Mercedes-Benz claims luxury pole position in 2017

The Mercedes logo is shown as the 2017 Mercedes-Benz SL550 is introduced at the LA Auto Show in Los Angeles, California, US on Nov. 18, 2015. (REUTERS)
Updated 08 January 2018
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Mercedes-Benz claims luxury pole position in 2017

FRANKFURT: Mercedes-Benz said Monday it had defended its top spot as the world’s biggest luxury carmaker in 2017, with a surge in sales, particularly in China, enabling it to clock up another record year.
The Stuttgart-based group reported sales of around 2.3 million cars last year, an increase of almost 10 percent on the figure for 2016 and its seventh record year in a row.
Much of the growth was attributable to Mercedes’ breakneck expansion in China, where sales grew by 26 percent, and the ever-rising appeal of its SUVs, with the luxury four-wheel-drive vehicles accounting for more than one in three sales worldwide.
The group claimed its three-pointed star remained the top high-end car brand worldwide, after overtaking Munich-based rivals BMW in 2016.
BMW has yet to release full-year sales figures for 2017, but the latest release from November shows the group significantly lagging Mercedes.
“Success in our core business provides the basis for us to actively shape the mobility of the future,” said Dieter Zetsche, chief executive of Mercedes parent company Daimler.
Like other carmakers, Mercedes is investing heavily in hybrid and all-electric vehicles, as well as more efficient, less polluting traditional motors.
Manufacturers are racing to polish up their environmental credentials and meet more stringent emissions requirements.


Saudi energy minister compares electric vehicle ‘hype’ to peak oil misconceptions

Updated 15 October 2018
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Saudi energy minister compares electric vehicle ‘hype’ to peak oil misconceptions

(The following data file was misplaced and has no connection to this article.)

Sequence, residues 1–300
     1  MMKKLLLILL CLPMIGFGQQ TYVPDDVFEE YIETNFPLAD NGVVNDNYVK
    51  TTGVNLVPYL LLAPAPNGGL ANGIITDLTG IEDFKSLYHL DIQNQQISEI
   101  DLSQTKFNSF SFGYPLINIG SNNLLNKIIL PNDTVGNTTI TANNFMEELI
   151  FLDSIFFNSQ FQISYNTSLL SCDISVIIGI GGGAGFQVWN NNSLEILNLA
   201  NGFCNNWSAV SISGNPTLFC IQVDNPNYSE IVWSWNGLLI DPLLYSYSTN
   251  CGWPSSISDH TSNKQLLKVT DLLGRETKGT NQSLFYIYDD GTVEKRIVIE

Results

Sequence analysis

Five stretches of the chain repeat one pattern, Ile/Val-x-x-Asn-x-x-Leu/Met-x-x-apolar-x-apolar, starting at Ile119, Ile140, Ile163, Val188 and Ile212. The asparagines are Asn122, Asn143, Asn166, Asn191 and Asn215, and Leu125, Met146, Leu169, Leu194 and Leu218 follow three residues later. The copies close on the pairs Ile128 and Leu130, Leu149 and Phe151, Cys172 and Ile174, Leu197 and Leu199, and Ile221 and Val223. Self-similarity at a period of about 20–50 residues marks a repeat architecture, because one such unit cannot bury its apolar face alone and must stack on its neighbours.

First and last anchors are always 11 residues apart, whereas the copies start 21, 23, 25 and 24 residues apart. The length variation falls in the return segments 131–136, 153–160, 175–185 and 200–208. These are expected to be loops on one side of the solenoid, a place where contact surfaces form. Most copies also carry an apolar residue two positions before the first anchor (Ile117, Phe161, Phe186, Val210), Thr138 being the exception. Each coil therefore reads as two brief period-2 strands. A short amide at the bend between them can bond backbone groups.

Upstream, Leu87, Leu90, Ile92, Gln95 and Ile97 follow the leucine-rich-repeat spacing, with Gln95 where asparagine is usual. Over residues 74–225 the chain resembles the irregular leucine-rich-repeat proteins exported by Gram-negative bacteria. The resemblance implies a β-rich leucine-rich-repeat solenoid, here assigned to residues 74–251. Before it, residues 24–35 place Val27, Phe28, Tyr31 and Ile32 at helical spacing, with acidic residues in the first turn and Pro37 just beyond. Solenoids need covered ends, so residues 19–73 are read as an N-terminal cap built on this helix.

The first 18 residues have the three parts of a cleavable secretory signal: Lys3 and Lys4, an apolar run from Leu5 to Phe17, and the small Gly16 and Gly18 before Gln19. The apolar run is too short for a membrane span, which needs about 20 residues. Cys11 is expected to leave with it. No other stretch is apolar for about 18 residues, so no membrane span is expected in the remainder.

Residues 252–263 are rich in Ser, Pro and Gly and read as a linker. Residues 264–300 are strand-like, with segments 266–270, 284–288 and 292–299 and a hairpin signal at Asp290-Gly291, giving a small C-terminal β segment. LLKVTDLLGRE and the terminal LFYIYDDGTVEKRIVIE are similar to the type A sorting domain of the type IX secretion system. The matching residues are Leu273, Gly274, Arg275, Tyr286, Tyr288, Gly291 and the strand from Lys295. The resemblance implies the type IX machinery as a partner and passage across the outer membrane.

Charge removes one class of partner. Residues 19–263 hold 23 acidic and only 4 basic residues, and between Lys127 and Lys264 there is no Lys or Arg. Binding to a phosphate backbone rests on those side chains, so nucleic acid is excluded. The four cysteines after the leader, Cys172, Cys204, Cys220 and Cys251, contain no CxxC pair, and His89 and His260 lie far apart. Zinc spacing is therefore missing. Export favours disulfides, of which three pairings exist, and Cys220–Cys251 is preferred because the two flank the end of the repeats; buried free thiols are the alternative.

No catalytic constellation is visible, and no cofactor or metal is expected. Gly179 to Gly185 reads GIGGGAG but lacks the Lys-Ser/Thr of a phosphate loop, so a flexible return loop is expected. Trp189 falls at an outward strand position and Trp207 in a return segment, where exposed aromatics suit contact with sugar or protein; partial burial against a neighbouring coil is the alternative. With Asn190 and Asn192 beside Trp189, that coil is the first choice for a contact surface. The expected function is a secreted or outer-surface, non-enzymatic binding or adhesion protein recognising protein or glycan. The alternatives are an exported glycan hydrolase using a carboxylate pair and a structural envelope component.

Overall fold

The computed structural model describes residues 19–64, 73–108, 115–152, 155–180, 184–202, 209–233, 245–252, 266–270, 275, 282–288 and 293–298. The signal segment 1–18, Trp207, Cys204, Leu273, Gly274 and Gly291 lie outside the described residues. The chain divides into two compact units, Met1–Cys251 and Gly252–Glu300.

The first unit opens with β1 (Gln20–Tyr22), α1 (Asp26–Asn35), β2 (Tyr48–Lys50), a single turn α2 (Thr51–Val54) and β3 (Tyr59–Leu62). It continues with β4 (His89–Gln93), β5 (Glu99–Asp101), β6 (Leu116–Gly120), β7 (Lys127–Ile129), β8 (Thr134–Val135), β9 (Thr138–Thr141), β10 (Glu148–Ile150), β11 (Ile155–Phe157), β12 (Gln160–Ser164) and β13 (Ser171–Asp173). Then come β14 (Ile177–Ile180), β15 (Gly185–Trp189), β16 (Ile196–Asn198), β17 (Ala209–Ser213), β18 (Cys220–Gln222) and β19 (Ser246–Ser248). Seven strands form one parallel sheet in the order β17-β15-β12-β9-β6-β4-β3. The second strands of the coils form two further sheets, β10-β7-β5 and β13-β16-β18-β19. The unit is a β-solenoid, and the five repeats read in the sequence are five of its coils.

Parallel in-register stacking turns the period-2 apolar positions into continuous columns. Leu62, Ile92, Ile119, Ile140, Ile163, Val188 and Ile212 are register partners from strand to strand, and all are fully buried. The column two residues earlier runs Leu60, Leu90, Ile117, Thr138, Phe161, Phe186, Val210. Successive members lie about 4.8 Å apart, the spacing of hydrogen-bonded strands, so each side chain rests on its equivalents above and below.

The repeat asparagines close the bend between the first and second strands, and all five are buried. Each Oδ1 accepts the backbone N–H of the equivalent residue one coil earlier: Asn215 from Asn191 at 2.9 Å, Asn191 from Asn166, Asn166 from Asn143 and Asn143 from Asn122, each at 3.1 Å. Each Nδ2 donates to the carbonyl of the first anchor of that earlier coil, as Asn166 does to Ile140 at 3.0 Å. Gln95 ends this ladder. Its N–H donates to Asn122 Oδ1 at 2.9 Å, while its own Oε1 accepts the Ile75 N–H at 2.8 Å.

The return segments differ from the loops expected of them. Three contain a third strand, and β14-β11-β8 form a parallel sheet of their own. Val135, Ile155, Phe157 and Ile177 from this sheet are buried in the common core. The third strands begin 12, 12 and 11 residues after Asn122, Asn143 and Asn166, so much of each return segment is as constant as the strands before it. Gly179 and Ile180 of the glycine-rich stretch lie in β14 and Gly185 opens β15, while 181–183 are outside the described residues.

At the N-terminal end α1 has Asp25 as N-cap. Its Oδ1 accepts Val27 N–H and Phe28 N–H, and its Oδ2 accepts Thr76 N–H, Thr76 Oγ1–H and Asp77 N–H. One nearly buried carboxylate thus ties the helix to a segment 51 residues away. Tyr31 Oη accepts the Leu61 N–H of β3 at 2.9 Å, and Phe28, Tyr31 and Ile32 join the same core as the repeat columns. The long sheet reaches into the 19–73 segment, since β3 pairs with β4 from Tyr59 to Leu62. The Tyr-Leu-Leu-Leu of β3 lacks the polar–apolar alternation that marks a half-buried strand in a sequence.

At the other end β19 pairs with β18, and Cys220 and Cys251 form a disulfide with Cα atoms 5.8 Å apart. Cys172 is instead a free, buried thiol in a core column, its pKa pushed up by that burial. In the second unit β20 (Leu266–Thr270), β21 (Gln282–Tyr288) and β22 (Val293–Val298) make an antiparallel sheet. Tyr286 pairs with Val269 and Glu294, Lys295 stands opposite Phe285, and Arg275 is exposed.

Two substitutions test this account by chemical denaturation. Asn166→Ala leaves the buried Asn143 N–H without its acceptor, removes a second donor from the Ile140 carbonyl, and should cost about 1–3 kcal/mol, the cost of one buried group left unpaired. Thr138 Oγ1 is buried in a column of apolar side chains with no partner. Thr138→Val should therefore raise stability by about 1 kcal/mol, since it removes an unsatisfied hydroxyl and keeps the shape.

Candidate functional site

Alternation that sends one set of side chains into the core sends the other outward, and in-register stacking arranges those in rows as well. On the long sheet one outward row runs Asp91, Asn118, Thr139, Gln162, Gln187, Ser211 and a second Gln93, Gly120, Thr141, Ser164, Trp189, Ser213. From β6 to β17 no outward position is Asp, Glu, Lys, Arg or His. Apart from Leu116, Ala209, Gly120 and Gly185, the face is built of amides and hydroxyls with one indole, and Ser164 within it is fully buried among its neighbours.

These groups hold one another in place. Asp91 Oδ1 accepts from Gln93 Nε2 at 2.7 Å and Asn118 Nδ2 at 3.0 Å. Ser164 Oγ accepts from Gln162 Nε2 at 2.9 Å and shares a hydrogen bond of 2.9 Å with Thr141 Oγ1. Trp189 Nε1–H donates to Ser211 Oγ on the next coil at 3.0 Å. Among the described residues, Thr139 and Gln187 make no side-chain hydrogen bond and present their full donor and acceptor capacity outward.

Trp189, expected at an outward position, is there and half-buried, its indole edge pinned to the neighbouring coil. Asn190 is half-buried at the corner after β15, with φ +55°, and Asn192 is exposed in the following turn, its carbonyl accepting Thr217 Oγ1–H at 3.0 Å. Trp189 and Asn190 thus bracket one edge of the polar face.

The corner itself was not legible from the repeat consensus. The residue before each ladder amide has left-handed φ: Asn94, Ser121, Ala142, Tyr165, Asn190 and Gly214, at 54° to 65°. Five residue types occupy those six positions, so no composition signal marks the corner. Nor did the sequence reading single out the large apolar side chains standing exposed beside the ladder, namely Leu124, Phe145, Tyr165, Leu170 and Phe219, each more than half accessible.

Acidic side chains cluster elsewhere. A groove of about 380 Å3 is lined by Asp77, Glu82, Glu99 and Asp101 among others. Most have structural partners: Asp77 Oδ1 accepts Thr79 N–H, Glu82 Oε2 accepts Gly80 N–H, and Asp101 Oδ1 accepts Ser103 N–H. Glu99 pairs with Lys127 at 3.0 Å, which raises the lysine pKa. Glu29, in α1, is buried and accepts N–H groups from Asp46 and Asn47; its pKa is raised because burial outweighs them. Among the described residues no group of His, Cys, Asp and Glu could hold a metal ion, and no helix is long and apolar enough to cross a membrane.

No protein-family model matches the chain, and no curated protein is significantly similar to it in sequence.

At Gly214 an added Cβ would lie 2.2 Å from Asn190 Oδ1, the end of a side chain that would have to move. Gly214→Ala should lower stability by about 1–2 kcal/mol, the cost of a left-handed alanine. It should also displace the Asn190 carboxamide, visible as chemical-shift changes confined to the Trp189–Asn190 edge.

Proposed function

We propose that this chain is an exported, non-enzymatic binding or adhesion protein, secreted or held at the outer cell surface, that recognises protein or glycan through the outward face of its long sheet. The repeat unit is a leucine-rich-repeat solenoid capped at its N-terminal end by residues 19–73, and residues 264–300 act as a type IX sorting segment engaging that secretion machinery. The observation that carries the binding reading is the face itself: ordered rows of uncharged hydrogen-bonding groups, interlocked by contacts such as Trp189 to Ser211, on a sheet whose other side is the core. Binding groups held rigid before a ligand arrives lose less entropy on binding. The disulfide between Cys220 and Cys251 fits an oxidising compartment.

• Khalid Al-Falih on Monday questioned what he described as the “hype” of the electric vehicle market
  • Compared it to past misconceptions around the theory of peak oil

LONDON: Saudi Energy Minister Khalid Al-Falih on Monday questioned what he described as the “hype” of the electric vehicle market and compared it to past misconceptions around the theory of peak oil.
He told the CERAWeek energy gathering by IHS Markit in New Delhi that petrol and diesel engines would co-exist with emerging electric and hydrogen fuel cell technologies for much longer than widely expected.
Miscalculations around the pace of electrification could create “serious” risks around global energy security, he said.
“Conventional vehicles today, despite all the hype, represent 99.8 percent of the global vehicle fleet. That means electric vehicles with 0.2 percent of the fleet, only substitute about 30,000 barrels per day of oil equivalent of a total global oil demand of about 100 million barrels.
“Even if those numbers increase by a factor of 100 over the next couple of decades, they would still remain negligible in the global energy mix.”
He said: “History tells us that orderly energy transformations are a complex phenomenon involving generational time frames as opposed to quick switches that could lead to costly setbacks.”
In another broadside aimed at electric vehicles, the Saudi energy minister highlighted past misconceptions about global energy demand growth — and specifically the notion of “peak oil.”
“I remember thought leaders within the industry telling us that oil demand will peak at 95 million barrels per day. Had we listened to them and not invested . . . imagine the tight spot we would be in today.”
“Let’s also remember that in many parts of the world, roughly three fourths of the electricity, which would also power electric vehicles, is currently generated by coal, including here in India. So you could think of any electric vehicle running in the streets of Delhi as essentially being a coal-powered automobile.”
“When it comes to renewables, the fundamental challenge of battery storage remains unresolved — a factor that is essential to the intermittency issue impacting wind and solar power. Therefore the more realistic narrative and assessment is that electric vehicles and renewables will continue to make technological and economic progress and achieve greater market penetration — but at a relatively gradual rate and as a result, conventional energy will be with us for a long, long time to come.”